Welcome once again to the weekly newsletter. This week’s topic is frogs, which we discussed in our weekly live chat. We hangout every Monday evening at 8 p.m. EST on Nerdarchy Live to talk about D&D, RPGs, gaming, life and whatever nerdy stuff comes up. Speaking of frogs in Scaling Up a tactical group of lizardfolk on unusual mounts and bolstered by a half-dragon ambush adventurers in the wilds. This gorgeously illustrated encounter and map leaps off the page and into your games along with 54 other dynamic scenarios in Out of the Box. Find out more about it here. You can get the Nerdarchy Newsletter delivered to your inbox each week, along with updates and info on how to game with Nerdarchy, by signing up here.
When I look for affordable scenery and setting terrain for my tabletop roleplaying games the 4D line by WizKids is really taking off. There are so many great pieces and sets now available and even more on the horizon. The 4D line recently released the Settings: Stone Bridge.
It’s a time for masks and mayhem and for me this means superheroes! Superhero flavor can be found everywhere, even in more rigid tabletop roleplaying game systems like fifth edition Dungeons & Dragons. What are Critical Role’s Mighty Nein or Vox Machina, if not superheroes in their own worlds? I’ve often thought many homebrew campaign settings feel a lot like fantasy superheroes in worlds where being super is more about aspiration and power development than power inaccessibility. But some people just want the unabashed superhero flavor in their RPG campaigns. Yet many Game Masters I’ve talked with don’t know where to start when it comes to supers.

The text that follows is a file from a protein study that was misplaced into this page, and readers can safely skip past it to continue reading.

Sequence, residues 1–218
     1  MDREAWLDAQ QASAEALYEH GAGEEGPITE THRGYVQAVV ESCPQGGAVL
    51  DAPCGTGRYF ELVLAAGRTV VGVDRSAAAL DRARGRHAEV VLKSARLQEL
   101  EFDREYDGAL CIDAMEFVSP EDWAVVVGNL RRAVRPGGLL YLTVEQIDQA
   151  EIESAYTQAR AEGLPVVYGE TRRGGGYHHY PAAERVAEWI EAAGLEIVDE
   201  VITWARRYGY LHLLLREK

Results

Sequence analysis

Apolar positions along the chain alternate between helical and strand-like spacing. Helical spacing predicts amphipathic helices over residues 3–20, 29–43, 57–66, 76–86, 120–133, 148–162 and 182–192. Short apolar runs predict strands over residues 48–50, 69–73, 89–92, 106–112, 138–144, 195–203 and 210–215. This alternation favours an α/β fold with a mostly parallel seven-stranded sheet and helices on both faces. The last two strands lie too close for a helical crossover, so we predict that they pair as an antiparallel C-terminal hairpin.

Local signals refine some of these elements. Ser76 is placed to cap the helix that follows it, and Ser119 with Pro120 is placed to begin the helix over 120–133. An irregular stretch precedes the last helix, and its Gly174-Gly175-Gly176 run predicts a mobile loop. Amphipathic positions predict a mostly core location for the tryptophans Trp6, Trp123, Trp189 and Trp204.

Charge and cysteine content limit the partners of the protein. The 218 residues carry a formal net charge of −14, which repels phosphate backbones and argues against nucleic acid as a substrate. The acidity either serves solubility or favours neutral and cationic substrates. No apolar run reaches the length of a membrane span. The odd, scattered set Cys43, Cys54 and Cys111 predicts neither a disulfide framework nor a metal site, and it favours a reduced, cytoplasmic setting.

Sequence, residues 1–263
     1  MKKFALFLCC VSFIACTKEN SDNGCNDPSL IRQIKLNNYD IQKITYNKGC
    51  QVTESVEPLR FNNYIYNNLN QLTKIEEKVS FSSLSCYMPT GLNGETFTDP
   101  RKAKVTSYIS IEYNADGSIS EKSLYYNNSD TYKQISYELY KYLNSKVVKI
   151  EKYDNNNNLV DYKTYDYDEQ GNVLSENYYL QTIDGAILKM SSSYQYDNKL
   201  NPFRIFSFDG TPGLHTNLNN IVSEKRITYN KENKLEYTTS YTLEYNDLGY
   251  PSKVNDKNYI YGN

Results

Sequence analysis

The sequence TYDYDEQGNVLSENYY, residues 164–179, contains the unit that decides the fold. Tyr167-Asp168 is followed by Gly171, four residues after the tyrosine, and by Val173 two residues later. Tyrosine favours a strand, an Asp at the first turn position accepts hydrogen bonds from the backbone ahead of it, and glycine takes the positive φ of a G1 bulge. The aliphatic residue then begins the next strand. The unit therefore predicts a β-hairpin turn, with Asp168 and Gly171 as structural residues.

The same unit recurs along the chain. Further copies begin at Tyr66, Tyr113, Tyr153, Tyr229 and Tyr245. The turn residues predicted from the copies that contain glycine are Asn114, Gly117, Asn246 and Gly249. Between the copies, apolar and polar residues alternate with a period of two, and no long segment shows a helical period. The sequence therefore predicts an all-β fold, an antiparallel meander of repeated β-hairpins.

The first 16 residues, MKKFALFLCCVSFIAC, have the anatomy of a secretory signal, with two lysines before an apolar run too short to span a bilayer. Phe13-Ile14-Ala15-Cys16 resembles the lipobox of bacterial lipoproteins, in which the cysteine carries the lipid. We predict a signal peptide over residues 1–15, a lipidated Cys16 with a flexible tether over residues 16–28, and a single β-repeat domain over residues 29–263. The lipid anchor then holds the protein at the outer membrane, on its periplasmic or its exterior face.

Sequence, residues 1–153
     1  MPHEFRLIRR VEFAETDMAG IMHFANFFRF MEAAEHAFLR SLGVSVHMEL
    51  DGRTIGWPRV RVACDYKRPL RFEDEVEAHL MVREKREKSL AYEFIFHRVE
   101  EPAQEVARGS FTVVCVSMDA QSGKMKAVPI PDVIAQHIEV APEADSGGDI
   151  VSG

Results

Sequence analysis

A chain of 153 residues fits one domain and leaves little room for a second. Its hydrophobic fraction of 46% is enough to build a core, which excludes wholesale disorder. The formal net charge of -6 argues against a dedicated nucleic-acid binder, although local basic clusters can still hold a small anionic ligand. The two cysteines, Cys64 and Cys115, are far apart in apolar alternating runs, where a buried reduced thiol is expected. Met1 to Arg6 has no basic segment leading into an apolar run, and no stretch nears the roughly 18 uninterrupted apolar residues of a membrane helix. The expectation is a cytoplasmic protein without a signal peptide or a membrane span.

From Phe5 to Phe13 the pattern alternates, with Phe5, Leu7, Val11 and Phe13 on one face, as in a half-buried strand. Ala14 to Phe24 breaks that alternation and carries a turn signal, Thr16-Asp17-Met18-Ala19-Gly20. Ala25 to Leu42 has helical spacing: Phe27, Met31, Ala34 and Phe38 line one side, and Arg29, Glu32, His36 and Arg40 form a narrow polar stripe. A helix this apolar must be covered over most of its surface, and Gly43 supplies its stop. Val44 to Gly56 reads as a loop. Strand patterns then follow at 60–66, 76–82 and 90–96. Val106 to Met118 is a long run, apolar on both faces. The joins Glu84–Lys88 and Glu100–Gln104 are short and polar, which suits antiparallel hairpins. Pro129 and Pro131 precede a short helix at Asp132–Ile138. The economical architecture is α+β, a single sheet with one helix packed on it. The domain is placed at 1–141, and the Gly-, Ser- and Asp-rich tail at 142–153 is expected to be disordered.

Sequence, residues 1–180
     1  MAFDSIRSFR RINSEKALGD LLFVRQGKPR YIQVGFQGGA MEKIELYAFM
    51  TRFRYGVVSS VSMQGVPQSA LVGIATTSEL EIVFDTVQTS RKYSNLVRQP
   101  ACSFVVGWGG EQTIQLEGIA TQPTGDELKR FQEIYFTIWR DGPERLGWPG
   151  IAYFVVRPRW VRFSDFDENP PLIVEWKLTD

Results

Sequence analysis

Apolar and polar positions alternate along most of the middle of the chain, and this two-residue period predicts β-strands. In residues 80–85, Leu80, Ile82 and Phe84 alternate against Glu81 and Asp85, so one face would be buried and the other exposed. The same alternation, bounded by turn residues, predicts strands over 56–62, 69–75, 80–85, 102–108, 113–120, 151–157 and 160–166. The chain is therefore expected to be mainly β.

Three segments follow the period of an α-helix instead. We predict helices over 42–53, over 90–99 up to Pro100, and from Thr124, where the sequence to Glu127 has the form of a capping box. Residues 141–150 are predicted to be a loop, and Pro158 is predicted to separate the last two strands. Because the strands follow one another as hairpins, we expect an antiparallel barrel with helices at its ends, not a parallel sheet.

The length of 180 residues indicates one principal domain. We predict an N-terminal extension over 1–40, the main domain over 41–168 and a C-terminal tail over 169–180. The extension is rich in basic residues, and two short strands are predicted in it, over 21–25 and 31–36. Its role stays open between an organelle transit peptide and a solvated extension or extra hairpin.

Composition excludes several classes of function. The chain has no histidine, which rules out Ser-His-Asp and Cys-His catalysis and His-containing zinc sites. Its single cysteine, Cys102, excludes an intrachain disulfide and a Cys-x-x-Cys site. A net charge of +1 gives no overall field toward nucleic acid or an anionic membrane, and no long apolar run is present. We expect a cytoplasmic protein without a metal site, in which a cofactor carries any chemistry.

Halloween: my favorite holiday! Those who know me know I have a healthy death obsession and when it comes to roleplaying games (and Warhammer) I’m all about the undead. I don’t think I have to define what this is — those who were dead but now walk upon us.